blast of defiance, declaring that he had said
nothing that called for any apology, and
that he had none to make. He then reit
erated his charges of a conspiracy of con
tractors and others to "do" the day labor
cause on city work, and declared his in
tentions to fight the issue out to a finish."
At this juncture some one moved to take
up the regular order of business and the
A Jfew Nieollet Avenue Store.
John C. Barton, formerly a member of
the firm of J. S. Bradstreet & Co., will
soon start in for himself and open a hand
some new store in the new business block
to be erected by Mr. Dayton at 814 and 816
Nicollet. Mr. Barton will carry a line of
special furniture, drapery and upholstery
fabrics, curtains and laces, as well as a
fine line of wall papers, rugs and orna
mental goods. He will also make a
specialty of manufacturing fine interior
wood work and furniture, paying particu
lar attention to the reproduction of an
One need only look into a few of the
many beautiful interiors around Minneapo
lis, which were designed by Mr. Barton,
to feel assured that his store will be one
that Minneapolis people can take pride in
and that his success will be certain. Mr.
Barton at present occupies a suite of
offices on the fourth floor of the new
Andrus building, and is now prepared to
undertake all work intrusted to him. He
expects to get into his new store about
Mr. Barton leaves for the east next week
to make purchases for the coming season,
and to look up special things for a num
ber of his customers who have placed or
ders with him for interior furnishings.
BELIEVES IN HAZING
Lieut. Keyes. Who "Has Been There"
Expresses His Views.
Lieutenant A. C. Keyes, U. S. A., just
from West Point, is in the city on his way
to Fort Leavenworth, Kan. He is spend
ing his furlough with his bride, who was
Miss Lloyd of Chicago, at his former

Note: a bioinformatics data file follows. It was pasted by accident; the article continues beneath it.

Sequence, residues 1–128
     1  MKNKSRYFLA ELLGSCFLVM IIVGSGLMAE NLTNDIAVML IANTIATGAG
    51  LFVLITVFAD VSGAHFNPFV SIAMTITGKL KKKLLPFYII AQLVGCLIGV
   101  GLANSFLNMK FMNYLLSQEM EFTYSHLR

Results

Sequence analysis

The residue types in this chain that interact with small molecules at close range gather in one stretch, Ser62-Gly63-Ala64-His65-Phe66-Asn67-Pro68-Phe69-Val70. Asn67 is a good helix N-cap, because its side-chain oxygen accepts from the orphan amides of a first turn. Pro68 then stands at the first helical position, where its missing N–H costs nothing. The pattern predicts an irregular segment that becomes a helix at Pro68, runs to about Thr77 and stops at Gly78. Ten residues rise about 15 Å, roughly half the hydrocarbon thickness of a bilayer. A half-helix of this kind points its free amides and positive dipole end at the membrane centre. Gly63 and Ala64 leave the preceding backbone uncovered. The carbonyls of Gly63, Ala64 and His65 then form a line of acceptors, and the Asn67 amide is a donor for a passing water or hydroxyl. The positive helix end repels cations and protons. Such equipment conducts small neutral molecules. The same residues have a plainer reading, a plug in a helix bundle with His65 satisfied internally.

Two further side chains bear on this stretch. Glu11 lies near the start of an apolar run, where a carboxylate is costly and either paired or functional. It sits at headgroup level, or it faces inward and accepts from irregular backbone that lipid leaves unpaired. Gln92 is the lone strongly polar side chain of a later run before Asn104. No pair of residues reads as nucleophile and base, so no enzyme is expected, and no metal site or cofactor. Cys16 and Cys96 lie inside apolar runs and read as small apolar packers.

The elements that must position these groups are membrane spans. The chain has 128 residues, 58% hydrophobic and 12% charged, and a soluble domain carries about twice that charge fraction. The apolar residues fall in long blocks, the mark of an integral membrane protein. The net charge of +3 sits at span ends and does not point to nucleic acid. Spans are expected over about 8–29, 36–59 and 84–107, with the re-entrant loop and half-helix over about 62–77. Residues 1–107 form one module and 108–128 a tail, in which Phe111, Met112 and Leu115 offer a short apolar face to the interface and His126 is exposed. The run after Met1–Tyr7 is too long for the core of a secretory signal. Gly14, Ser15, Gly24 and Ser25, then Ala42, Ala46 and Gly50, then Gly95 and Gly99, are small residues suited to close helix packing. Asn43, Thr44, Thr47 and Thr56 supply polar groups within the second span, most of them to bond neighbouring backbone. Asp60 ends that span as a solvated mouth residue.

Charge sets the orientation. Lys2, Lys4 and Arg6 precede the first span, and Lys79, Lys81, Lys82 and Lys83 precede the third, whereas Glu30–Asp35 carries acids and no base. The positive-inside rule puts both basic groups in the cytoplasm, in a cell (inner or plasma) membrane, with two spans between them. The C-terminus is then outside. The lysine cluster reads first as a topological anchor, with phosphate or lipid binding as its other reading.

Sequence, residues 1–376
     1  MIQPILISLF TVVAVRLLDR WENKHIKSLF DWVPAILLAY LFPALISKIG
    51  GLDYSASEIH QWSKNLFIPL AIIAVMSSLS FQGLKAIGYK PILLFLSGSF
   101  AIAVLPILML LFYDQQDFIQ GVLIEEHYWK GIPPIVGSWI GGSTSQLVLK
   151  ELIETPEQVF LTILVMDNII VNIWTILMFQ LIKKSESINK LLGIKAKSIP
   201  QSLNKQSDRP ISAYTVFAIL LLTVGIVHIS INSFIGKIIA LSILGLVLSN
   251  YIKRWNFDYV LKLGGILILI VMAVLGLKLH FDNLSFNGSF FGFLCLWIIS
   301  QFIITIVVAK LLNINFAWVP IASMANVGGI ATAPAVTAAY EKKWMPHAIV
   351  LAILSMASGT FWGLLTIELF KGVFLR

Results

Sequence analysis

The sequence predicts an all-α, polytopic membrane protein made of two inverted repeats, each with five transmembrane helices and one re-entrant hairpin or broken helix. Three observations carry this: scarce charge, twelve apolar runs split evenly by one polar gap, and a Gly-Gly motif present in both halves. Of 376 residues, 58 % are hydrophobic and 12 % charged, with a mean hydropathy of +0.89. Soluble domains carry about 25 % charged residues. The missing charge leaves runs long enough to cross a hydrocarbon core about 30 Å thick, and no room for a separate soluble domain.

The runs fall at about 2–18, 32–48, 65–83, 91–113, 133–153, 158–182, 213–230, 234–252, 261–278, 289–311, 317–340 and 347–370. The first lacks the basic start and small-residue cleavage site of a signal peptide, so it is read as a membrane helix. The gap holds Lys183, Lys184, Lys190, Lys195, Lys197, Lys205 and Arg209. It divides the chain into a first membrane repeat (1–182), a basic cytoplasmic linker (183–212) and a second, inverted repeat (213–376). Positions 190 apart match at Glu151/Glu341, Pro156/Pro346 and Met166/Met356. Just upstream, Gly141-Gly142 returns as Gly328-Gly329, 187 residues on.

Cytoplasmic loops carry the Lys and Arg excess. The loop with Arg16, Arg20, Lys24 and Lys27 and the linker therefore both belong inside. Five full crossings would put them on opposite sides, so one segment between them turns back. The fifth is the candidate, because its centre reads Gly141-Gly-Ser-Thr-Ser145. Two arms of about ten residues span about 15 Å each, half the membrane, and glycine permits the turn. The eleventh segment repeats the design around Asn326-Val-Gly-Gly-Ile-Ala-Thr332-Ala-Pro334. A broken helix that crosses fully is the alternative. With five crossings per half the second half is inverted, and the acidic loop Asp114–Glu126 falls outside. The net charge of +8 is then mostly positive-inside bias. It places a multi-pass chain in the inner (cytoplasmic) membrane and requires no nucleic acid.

home, 1028 Sixth street SE. Lieutenant
Keyes graduated from the academy Feb.
28. Lieutenant Keyes believes in hazing
when there is no brutality connected with
it. He found it beneficial to himself. He
says that the stories of cruel hazing are
overdrawn. The entire class of which
Keyes is a member was graduated before
June on account of the need of officers.
HOPE FOR THE POETS.
Needer Harekut—Ah, this world Is cold
and unsympathetic. It is almost impos
sible' for ua poets to make any money
Job Scumflter—l think you're wrong
there. There's no prejudice against poets.
I know a man who engaged a poet and
gave him $3 a week to keep the office
clean and run errands.
ABOUT WHAT TO EAT
Four Kinds of. Raw Food That In
Prunes Come Largely From Califor
nia—"Fresh" Kutf*—Seedless ■
The popularity of the French prune as
an article of diet is increasing in Minne
apolis and throughout, the northwest.
There are prunes and prunes. This has
been true from the time 5 that the old
Turkish prune was sold' in the northwest
and retailed from a large hogshead in the
middle of the store. There are prunes
carefully, "processed" and carefully packed,
and there are others that are not. You
take your choice and then pay the price.
The best prune that Minneapolis eats,
the domestic French, comes from the San
ta Clara valley in southern California.
There they have the soil, the climate, and
the people who know how to cure and pack
the fruit. Minneapolis still consumes some
of the imported French product from Bor
deaux. j. The price |is - high, the package
fancy, but the , taste no better than the
high class Santa Clara. An immense
amount of dried fruit is consumed in the
northwest every . year, and a good per
centage of it is prunes.
The prune trade locally and generally
was given a boost a few years ago when
the medical journals recommended the
prune for its medicinal properties. The
prune then appeared on the breakfast bill
of fare. Of course this latter was a fad
but a fad serves a purpose. The north
west consumes the greatest amount of
prunes during the spring months. The
people are then between what they call